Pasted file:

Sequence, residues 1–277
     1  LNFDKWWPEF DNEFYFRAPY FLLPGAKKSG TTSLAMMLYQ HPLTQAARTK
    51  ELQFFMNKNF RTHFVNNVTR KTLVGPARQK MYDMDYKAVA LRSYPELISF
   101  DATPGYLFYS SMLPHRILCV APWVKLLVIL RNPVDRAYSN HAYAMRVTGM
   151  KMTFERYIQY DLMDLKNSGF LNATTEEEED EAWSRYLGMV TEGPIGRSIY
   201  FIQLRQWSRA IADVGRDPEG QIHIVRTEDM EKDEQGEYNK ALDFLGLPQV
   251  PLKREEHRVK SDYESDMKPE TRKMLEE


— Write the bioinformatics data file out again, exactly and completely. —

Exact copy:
Sequence, residues 1–277
     1  LNFDKWWPEF DNEFYFRAPY FLLPGAKKSG TTSLAMMLYQ HPLTQAARTK
    51  ELQFFMNKNF RTHFVNNVTR KTLVGPARQK MYDMDYKAVA LRSYPELISF
   101  DATPGYLFYS SMLPHRILCV APWVKLLVIL RNPVDRAYSN HAYAMRVTGM
   151  KMTFERYIQY DLMDLKNSGF LNATTEEEED EAWSRYLGMV TEGPIGRSIY
   201  FIQLRQWSRA IADVGRDPEG QIHIVRTEDM EKDEQGEYNK ALDFLGLPQV
   251  PLKREEHRVK SDYESDMKPE TRKMLEE